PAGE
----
for-phone-onlyfor-tablet-portrait-upfor-tablet-landscape-upfor-desktop-upfor-wide-desktop-up

Fact Check-Russia’s ‘Satan 2’ long-range missile has been in development for years

Russia did not unveil a new missile in 2022 which can destroy all living things in one strike, contrary to suggestions made online.

Social media users say the RS-28 Sarmat, an Intercontinental Ballistic Missile (ICBM) dubbed ‘Satan 2’ by Western analysts, was revealed in late February, in the days after Russia launched its invasion of Ukraine.

“Breaking news; Russia unveil a nuclear weapon called ‘Satan 2 liquid fueled nuclear missile’ capable of destroying everything breathing in the world,” said one Facebook post on Feb. 25, shared more than 31,000 times.

The user added that the weapon was developed in case the United States, NATO and the West “interferes” (here) – without elaborating.

Similar posts with either thousands or hundreds of shares can be found on Facebook (here, here, here, here and here) and Twitter (here, here and here).

However, the suggestion that Russia revealed a brand new ‘Satan 2’ weapon after invading Ukraine to warn off NATO and Western interference is not accurate.

The long-range missile has been in development since the 2000s, according to Russian news agency TASS (tass.com/defense/992360).

It is due to replace older missiles developed in the 1970s (here) – an upgrade that was reportedly delayed to 2022 (bit.ly/36DqJ1b , tass.com/defense/1377823 and tass.com/defense/1376843).

Moreover, the claim that ‘Satan 2’ can destroy all living things is missing context, according to one expert who spoke to Reuters.

“Claims that a large nuclear attack would kill every living being in the world are sometimes made as a result of wider climate-changing consequences, such as a nuclear winter,” said Professor Malcolm Chalmers from the Royal United Services Institute (RUSI), a British defence and security think-tank specialising in nuclear proliferation among other disciplines (here). “This should not be ruled out, but would at a minimum require hundreds of warheads, not a single missile.”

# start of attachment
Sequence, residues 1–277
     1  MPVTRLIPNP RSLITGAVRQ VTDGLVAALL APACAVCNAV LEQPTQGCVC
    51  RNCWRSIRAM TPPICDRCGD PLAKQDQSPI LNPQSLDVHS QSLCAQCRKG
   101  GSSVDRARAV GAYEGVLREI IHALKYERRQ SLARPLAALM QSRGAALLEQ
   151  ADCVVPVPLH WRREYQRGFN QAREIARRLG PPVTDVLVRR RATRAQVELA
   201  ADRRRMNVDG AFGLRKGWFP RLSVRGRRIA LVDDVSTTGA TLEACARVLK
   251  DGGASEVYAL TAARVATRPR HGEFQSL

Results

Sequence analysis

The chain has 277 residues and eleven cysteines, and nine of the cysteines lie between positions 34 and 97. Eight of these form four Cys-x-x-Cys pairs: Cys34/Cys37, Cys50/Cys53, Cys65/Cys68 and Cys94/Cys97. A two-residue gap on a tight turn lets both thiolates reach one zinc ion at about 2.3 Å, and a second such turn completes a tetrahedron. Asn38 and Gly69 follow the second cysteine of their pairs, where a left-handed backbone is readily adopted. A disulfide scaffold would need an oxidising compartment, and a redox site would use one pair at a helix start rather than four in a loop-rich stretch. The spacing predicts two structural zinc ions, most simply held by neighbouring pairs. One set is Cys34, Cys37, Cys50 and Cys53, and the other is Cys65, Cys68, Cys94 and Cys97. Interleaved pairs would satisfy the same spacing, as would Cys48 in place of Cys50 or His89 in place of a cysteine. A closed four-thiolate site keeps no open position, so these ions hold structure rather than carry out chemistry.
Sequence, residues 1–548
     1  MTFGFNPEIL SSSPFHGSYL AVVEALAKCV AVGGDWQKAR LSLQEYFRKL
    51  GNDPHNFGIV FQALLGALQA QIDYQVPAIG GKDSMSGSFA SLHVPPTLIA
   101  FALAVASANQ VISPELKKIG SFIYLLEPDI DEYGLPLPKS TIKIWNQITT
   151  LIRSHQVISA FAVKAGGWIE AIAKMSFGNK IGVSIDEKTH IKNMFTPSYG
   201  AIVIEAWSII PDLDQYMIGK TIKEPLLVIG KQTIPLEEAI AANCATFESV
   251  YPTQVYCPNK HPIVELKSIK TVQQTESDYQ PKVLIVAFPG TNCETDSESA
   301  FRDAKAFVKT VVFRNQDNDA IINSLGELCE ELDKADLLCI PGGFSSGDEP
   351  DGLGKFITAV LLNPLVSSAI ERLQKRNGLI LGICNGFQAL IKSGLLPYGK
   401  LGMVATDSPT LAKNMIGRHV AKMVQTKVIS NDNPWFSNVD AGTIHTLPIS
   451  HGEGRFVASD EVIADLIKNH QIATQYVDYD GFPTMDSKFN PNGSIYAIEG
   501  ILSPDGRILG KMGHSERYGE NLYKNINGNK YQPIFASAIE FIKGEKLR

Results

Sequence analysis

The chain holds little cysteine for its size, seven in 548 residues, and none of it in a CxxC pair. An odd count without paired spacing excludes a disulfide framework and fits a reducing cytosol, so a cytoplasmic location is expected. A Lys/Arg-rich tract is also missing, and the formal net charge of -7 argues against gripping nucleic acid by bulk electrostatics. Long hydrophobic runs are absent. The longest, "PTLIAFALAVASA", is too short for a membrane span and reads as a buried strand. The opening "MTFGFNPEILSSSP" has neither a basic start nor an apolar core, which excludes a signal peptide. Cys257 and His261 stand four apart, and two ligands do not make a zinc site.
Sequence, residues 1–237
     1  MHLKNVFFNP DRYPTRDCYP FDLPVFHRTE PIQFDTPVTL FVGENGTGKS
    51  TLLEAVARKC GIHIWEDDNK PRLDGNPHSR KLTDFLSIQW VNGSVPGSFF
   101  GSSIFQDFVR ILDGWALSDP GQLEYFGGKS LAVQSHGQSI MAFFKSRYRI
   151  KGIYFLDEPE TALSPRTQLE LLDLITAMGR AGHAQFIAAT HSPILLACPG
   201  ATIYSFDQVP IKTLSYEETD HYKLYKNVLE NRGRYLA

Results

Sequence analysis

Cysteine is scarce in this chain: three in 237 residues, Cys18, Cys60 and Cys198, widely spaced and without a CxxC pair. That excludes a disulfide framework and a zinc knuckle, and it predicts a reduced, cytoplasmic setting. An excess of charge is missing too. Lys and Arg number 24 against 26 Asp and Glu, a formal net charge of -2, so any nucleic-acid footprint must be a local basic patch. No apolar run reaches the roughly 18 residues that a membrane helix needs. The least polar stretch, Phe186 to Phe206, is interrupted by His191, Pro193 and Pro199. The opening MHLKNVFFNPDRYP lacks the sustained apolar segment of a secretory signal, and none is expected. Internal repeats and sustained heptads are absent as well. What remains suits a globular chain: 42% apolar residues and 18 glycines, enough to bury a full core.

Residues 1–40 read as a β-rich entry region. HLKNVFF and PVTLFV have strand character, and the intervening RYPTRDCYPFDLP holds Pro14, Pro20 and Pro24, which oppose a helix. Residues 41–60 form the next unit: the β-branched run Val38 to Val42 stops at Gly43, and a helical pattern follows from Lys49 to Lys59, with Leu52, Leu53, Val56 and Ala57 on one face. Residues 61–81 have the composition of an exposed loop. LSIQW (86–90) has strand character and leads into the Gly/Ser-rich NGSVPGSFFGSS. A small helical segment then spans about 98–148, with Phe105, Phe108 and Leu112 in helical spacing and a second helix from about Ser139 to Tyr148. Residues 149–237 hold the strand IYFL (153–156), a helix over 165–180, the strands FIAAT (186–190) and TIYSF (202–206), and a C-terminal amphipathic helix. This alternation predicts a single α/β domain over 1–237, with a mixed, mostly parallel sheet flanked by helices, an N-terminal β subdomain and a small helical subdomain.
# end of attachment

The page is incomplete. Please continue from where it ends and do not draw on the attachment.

Prof. Chalmers added that Sarmat was unlikely to make a big difference to Russia’s ICBM force due to its “already considerable destructive potential” – but said a single missile armed with 10 warheads could target areas as large as Texas or France, potentially killing millions of people.

However, “most inhabitants of either territory would be outside the blast and fallout radius, as would many towns and cities”, he said.

Hans M. Kristensen and Matt Korda, both of the Nuclear Information Project at the Federation of American Scientists, wrote in the Bulletin of the Atomic Scientists about similar exaggerations made about the new weapon’s capability (bit.ly/3q93XVS).

Other fact checks about ‘Satan 2’ can be found here and here.

VERDICT

Missing context. Russia is due to replace old missiles in 2022 with Sarmat missiles that have been in development for years. While the effects of such a missile strike would be devastating, those of a single strike have been exaggerated.

This article was produced by the Reuters Fact Check team. Read more about our fact-checking work here.

for-phone-onlyfor-tablet-portrait-upfor-tablet-landscape-upfor-desktop-upfor-wide-desktop-up